‘Later Year 7s enjoyed a similar talk provoking a multitude of interesting questions relating to the climbing conditions, ecological impact and career opportunities as a writer/author. A creative writing workshop was also included for many of our Eco teams, proving that Northgate has an abundance of talented authors and were highly commended by Matt who was astounded at the level of work produced- along with myself and Miss Theobald!’

All of Matt’s books are available to borrow from the school library – although there may be a waiting list as they are proving very popular!

The competition was organised through our upcoming new Library Management System, Accessit – more details to follow shortly about this exciting move and added benefits to our school community.

Miss Theobald had the chance to step out of the Maths classroom and attend the workshop. She commented, ‘Members of the Environment Team, Earth Summit Team and Green Influencers were invited to a special workshop hosted by Matt. Some students were set a challenging task – creating a short story which had a different emotion for each part, the start, middle and end. The only element they needed to include was a high mountain environment and being lost in a storm. Students were completely engrossed in their writing, making use of dialogue, flashbacks and several literary devices, suggested by Matt. Mrs Gill and myself were on hand to hear some of the amazing pieces, as students read them out. We have some incredibly talented writers at Northgate, which can be seen from their pieces below.’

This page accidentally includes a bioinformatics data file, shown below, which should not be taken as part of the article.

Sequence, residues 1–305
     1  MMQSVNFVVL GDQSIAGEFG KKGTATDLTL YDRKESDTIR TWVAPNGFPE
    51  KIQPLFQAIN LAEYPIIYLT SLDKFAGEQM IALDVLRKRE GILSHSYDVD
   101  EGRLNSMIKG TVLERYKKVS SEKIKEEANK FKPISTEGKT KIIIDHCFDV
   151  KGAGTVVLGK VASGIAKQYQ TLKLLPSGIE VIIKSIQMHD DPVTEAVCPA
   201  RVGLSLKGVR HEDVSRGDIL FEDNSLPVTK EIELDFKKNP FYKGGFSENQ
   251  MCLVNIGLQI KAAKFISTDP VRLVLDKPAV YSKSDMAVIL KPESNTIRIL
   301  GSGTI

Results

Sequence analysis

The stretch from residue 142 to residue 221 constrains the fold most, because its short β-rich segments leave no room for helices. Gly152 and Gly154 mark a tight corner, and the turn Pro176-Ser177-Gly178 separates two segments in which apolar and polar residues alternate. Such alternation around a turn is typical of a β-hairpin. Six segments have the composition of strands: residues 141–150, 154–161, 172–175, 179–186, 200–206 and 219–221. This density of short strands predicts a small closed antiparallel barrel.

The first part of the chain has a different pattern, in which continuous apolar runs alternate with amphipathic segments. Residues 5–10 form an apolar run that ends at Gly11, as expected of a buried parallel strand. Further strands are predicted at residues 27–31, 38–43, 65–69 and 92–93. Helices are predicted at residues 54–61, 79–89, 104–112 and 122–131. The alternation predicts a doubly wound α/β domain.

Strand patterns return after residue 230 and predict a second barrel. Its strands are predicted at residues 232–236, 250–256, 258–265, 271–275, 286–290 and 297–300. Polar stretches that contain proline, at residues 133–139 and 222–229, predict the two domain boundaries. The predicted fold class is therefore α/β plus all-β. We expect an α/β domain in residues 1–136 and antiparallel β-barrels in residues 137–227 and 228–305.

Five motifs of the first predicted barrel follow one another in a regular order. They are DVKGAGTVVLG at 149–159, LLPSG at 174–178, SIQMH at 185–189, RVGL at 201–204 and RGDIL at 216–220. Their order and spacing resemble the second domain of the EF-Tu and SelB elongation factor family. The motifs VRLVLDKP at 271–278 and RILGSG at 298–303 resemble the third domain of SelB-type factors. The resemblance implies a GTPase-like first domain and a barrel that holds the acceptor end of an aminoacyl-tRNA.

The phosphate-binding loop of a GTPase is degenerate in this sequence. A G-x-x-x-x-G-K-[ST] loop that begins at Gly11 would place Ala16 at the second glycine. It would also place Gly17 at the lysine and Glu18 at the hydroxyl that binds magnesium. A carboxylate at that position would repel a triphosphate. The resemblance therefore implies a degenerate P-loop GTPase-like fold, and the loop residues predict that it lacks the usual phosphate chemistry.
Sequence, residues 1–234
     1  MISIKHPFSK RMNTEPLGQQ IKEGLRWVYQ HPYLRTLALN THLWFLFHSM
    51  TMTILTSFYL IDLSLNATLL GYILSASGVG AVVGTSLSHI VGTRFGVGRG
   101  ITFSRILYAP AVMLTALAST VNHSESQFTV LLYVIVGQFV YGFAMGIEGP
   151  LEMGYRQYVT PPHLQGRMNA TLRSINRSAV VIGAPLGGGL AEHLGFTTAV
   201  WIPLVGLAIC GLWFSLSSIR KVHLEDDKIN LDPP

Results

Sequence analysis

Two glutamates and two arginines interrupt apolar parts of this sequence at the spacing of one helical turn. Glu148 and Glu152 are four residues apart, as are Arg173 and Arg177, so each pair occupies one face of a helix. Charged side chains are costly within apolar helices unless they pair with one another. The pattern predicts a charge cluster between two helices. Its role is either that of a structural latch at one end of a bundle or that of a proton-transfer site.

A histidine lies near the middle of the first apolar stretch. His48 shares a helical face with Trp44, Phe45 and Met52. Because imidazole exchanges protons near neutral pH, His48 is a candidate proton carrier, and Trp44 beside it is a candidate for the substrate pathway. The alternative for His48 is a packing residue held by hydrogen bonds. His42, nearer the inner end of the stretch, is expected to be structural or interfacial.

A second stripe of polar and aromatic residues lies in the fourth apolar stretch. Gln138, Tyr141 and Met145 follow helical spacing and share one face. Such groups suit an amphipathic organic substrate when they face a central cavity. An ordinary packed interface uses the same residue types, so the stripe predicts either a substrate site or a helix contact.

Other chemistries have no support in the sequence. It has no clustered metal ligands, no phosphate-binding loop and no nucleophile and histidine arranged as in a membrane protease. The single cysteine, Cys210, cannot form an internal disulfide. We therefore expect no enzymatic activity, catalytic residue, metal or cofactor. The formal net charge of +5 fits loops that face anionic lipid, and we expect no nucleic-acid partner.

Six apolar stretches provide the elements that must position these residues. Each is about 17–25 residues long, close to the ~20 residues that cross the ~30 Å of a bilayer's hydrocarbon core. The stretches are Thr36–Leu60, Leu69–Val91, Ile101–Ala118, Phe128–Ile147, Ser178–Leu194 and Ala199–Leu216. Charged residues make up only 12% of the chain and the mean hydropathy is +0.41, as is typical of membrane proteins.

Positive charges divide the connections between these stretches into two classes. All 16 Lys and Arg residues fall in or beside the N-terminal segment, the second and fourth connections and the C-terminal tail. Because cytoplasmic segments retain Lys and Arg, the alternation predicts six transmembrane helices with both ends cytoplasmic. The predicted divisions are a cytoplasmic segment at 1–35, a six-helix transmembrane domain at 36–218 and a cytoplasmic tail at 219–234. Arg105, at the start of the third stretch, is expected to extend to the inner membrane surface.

The remaining students were given the challenge of completing the sentence ‘If I went to Everest, the thing I would miss the most is …’. There were all sorts of ideas given and again, Matt was extremely impressed with their writing skills and use of language to convey what they wanted to the reader. He gave constructive feedback, tips and advice on how pieces could be improved even further.

The final task was an environmental one. Matt displayed a shocking photo of Mount Everest with a huge pile of plastic waste that had been left behind. The challenge was to create a short, snappy piece of writing (less than 50 words) to go on a poster to compel and persuade climbers and trekkers to stop leaving their litter on Everest. Our writers found this particular task more challenging than the first due to having to be concise with their words.

Matt ended by explaining that even if you are not a confident writer, you can become a better writer. The key is good, powerful descriptions and never think that your world is boring.

A truly inspiring workshop – a big thank you to Matt for working with our students.

 

Seren was one of the lucky students who attended the workshop and has written about her experience.